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For the week of Jan. 12 through Jan. 18, 2000

Forest fee program fails Bookkeeping 101

The Forest Service’s fee demonstration program just failed Bookkeeping 101. The congressionally mandated pay-to-play program that began in 1997 imposes a fee on hikers, bikers, back-country skiers and other non-commercial users of public forest lands.

This week U.S. Attorney Betty Richardson told the Forest Service her office would not prosecute people ticketed for not paying the fee because prosecutions cost "too much."

She charged that the Forest Service had shifted the cost of prosecutions to her office without her agreement. Such prosecutions—similar to enforcement of parking tickets—have never been part of her budget.

A deputy U.S. attorney in Richardson’s office called the fees "unfair" because the Forest Service did not create a system that can ensure every user pays.

The U.S. attorneys drove home points raised early on in public hearings. Apparently, no one listened.

When the one and only hearing on the controversial forest fees was held in Ketchum in 1998, one of the first questions asked was, "How much will fee collection and enforcement cost?"

A surprised public listened as a Forest Service spokesman said the Forest Service had done no cost projections on collection, enforcement or prosecution.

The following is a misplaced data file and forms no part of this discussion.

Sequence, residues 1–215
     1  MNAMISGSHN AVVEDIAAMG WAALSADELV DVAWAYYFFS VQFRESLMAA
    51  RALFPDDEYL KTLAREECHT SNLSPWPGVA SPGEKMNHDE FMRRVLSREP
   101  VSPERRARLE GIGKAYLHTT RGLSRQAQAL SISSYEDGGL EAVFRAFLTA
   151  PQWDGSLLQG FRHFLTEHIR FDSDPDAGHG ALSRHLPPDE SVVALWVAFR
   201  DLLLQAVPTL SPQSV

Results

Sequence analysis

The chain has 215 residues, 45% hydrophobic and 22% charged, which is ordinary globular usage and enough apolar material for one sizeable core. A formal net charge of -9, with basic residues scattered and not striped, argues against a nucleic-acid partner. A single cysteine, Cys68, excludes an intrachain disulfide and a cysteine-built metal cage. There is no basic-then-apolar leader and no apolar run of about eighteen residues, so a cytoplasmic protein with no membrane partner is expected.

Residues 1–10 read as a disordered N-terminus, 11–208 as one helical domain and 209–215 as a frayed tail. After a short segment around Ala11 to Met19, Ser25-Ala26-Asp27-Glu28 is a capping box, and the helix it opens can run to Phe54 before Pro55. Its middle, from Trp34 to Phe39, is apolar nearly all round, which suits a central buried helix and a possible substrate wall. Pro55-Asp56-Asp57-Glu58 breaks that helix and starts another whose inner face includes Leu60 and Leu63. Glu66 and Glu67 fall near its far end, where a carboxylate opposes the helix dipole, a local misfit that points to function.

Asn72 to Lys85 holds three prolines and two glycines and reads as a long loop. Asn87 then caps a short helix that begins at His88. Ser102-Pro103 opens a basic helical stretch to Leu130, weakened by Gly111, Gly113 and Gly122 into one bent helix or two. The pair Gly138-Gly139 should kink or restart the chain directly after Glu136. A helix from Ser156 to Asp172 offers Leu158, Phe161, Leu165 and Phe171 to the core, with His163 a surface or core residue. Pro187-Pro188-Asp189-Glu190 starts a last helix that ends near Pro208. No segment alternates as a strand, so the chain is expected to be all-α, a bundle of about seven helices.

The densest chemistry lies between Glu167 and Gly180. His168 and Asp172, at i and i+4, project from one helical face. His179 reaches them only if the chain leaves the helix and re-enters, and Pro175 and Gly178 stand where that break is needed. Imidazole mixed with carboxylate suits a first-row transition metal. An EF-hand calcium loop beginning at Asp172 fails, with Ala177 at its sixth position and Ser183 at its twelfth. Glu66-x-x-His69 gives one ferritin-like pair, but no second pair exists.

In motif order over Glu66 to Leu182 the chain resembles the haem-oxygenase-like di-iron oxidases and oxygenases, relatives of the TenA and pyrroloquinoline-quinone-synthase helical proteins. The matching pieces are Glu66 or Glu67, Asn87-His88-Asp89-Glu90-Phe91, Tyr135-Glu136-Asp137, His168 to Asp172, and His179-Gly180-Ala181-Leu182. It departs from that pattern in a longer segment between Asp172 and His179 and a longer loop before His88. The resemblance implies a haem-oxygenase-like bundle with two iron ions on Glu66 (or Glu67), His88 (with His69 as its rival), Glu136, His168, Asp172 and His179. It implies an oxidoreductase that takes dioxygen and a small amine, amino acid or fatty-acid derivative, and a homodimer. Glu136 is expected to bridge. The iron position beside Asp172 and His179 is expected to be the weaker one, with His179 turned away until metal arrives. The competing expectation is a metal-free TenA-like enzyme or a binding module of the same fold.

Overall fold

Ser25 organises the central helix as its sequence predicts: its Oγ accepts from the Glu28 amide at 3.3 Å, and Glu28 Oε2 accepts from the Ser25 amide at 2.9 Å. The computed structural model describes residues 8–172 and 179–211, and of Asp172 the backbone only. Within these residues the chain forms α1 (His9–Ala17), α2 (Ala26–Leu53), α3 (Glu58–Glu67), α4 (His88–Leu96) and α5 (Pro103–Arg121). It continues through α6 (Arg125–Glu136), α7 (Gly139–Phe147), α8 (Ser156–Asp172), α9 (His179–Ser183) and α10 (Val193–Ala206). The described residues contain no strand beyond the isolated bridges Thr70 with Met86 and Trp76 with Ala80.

Members of the public speculated that the fees collected would not be enough to cover the costs of the program, let alone fund forest improvements. They urged forest officials and U.S. Sen. Larry Craig, who was at the hearing through the magic of a speakerphone, to do the simple arithmetic.

They didn’t.

Forest Service personnel who would never think of going on a long wilderness trip without a map, went ahead and undertook the congressionally mandated fee pilot program without charting a path. The Forest Service left Richardson to shoulder her new work load alone, while it merrily spent its newly found "free money" on trail maintenance and new outhouses.

Now, forest officials are scurrying to "solve the problem" by meeting with Richardson.

Richardson should quickly calculate what it will cost her office to prosecute non-payers. She should give the Forest Service a bill along with an estimate for future services.

It’s a good bet the bill, along with the cost of toll booths and fee stations that might make the system fair, will exceed the $260,000 in fees collected since 1997 when the program began.

With bill in hand, the Forest Service should declare the fee program a failure, go back to Congress, and get its funding from the proper place—from federal income tax revenues.


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